Veterinarians are often viewed as protectors of animals and veterinary organizations are quick to affirm that their member veterinarians value and promote animal welfare. Yet veterinarians sometimes appear to fail in their responsibility to promote the welfare of animals. Examples of this seemingly incongruous behaviour include conducting unnecessary medical procedures, failing to report animal abuse, or failing to mitigate pain and suffering during and/or after surgical procedures. To understand how veterinarians make decisions in situations where they are confronted with conflicting responsibilities to patients and clients, interviews with 41 veterinarians and observations of ten veterinarians practicing in Western Canada were conducted. Veterinarians in this study held diverse beliefs about what constitutes animal welfare, animal owners’ responsibilities concerning animals, and professional responsibilities within the veterinarian-client-patient relationship. They also used different methods to assess patients and clients against these belief structures. A significant finding of this research is that different veterinarians construct moral problems differently thereby creating diverse interpretations of ethically challenging situations. Participants also described providing preferential care to patients and clients who they assessed positively. Furthermore, participants voiced concerns about financial repercussions, lack of credibility in the community, and frustration with the animal protection authorities should they try to intervene on behalf of their patients. Understanding how veterinarians construct moral dilemmas, their decision-making in these situations, and the obstacles that hinder the promotion of animal welfare is important for the veterinary profession. This research underscores the importance of increased dialogue amongst members of the profession to clarify further their ethical responsibilities to clients and patients. It also highlights the need for animal protection systems that support veterinarians in their responsibilities to promote animal welfare and to mitigate animal pain and suffering.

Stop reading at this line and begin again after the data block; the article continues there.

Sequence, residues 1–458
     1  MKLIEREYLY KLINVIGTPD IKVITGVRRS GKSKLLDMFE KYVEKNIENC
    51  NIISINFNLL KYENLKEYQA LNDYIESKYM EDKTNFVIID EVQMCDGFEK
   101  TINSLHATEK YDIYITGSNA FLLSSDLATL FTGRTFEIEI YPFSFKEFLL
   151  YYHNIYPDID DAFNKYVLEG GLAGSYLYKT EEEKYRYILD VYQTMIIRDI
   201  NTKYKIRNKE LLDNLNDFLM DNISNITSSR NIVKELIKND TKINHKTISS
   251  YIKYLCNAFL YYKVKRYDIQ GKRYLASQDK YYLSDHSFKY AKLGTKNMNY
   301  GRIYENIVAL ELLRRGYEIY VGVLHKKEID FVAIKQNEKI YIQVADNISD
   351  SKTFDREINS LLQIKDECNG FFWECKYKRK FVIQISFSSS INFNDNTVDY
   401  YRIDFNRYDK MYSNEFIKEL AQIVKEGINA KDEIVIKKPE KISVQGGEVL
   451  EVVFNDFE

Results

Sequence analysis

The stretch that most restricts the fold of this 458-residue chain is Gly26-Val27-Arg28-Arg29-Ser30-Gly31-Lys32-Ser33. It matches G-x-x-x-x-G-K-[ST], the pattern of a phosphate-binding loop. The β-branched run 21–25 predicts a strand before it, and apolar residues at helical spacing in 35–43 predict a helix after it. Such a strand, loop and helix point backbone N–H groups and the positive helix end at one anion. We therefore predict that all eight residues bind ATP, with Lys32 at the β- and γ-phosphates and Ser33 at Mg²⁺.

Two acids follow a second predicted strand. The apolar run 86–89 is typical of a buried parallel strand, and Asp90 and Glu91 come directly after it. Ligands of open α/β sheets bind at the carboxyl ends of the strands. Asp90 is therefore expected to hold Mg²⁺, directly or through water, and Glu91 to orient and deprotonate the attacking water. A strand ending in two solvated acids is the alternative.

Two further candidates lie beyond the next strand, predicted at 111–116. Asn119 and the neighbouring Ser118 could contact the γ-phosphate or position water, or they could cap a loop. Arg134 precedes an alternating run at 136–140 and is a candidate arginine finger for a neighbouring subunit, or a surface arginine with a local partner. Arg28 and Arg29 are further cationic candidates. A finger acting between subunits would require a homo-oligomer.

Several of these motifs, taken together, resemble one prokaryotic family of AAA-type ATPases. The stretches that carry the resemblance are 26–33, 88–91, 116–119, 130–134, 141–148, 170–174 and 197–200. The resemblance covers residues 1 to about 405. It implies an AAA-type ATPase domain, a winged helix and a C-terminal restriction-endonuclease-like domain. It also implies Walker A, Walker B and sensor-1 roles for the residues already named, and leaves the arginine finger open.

|Publisher||University of British Columbia|
|Degree||Doctor of Philosophy|
|University||University of British Columbia|
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